The Russian economy took an unprecedented beating in 2014, largely due to its adventurism into the Ukraine and its annexation of the Crimean peninsula. Western sanctions, spearheaded by US and European efforts, were swiftly imposed upon Russia as punishment for its aggressive posturing. Massive capital flight and a rapid devaluation of the rouble sent shockwaves through the Russian finance sector, prompting the Russian central bank to intervene in the currency markets. In tandem with monetary policy intervention, the Russians signed an important agreement with the Chinese (August 2014) to halt the further depreciation of the rouble on the international currency markets. The Russians are shifting away from their reliance on Western countries, in favour of trade with Bric countries (Brazil, China, India & South Africa).
The Russian/Chinese Currency Swap Deal
With Russia effectively removed from the global credit markets, it turned to its staunchest ally – China. The forex currency swap was expressly designed to stabilize the rouble and improve liquidity in Russia’s finance sector. The 3-year yuan/rouble swap is estimated at over $24 billion, and both countries will be able to purchase one another’s currencies amongst themselves – without going to international markets to trade forex. Leaders from Russia and China (Medvedev and Li Keqiang) ratified the deal and agreed on further measures such as energy sharing and financial cooperation. But the underlying motivation for the currency-swap deal is to dramatically reduce reliance on the US dollar for international trading purposes.
Strong Forex Support from China
Russian Prime Minister Medvedev stressed the importance of expanding the usage of national currencies for trading purposes. Presently, these types of trades account for just 7% of turnover. The use of local currencies is likely to expedite trade between the countries, with a target of $100 billion by 2015 and $200 billion by 2020. The Chinese Import Export Bank has agreed to assist deeply indebted Russian banks with easier access to capital. The Exim bank has already established a credit line valued at $2 billion for the Russian state bank VTB. Various other agreements have been signed with the Russian Agricultural Bank and the Vnesheconombank. The agreements allow Russia to import all manner of products from China, including agricultural produce and equipment. Additionally, the Russians will be cooperating with the Chinese to expand the construction of pipelines into mainland China.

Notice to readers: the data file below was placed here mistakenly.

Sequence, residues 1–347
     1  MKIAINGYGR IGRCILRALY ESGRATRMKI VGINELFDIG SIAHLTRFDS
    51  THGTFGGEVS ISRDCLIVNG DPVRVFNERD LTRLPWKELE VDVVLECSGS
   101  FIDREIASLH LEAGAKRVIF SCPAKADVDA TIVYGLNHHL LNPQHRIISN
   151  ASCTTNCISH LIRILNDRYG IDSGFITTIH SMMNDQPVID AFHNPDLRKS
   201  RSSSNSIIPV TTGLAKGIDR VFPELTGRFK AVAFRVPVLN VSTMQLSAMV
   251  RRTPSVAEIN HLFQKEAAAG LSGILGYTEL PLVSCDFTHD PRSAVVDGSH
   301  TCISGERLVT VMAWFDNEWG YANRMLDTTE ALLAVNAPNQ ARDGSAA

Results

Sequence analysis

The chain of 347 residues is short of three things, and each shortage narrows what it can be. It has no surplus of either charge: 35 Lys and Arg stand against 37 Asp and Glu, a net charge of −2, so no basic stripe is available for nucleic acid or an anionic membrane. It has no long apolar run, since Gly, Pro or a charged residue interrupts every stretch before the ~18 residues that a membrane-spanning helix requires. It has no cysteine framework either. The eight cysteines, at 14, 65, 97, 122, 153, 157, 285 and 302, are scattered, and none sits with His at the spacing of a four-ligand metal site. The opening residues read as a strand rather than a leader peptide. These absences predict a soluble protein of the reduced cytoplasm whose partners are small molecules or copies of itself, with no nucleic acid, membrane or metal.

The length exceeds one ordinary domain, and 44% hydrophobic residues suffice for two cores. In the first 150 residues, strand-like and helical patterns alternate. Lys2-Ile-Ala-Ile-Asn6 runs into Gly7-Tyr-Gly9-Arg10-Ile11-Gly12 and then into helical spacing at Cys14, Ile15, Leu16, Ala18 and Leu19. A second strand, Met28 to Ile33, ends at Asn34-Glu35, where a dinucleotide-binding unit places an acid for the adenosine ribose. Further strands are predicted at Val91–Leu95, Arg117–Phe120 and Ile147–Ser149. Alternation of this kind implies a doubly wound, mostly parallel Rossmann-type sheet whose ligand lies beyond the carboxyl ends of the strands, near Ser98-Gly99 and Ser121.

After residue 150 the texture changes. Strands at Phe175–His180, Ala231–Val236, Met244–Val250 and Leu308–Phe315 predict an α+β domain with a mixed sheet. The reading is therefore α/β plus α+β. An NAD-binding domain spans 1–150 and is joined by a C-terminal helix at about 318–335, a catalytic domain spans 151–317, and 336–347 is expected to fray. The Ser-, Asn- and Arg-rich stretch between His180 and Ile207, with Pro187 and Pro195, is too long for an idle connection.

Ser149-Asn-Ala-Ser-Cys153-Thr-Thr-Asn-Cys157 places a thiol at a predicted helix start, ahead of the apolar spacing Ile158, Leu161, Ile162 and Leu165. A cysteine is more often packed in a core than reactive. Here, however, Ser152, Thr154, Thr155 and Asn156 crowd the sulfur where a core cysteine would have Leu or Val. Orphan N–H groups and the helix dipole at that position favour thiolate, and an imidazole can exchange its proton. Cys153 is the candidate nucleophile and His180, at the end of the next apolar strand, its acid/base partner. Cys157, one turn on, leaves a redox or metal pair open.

Far Reaching Consequences for the Russian Rouble and Chinese Yuan
There are multiple similar currency agreements in the works between Russia, China and other countries too. The FETS (Foreign Exchange Trade System) will be cooperating with New Zealand (NZD) and Malaysia (ringgit) to initiate similar currency swaps. For its part, China has been working hard on establishing bilateral currency swaps for over 5 years. Among the many countries it currently has agreements with are South Korea, Hong Kong, Indonesia, Brazil and Switzerland. Both Russia and China have been seeking ways of reducing their reliance on the greenback in international transactions. China presently holds an estimated $4 trillion (32%) of its forex reserves in US bonds. This makes China particularly vulnerable to exchange-rate fluctuations. According to information gleaned from the International Reserves of the Russian Federation, Russia is holding $373,658 million in foreign exchange reserves (30/11/2014). This is substantially lower than $474,950 million one year ago (30/11/2013). These funds are highly liquid and readily available to the Russian Federation and the Bank of Russia.
About the author: Brett Chatz is a graduate of the University of South Africa, and holds a Bachelor of Commerce degree, with Economics and Strategic management as his major subjects. Nowadays Brett contributes informative essays for the globally renowned spread betting and CFD trading provider, InterTrader.com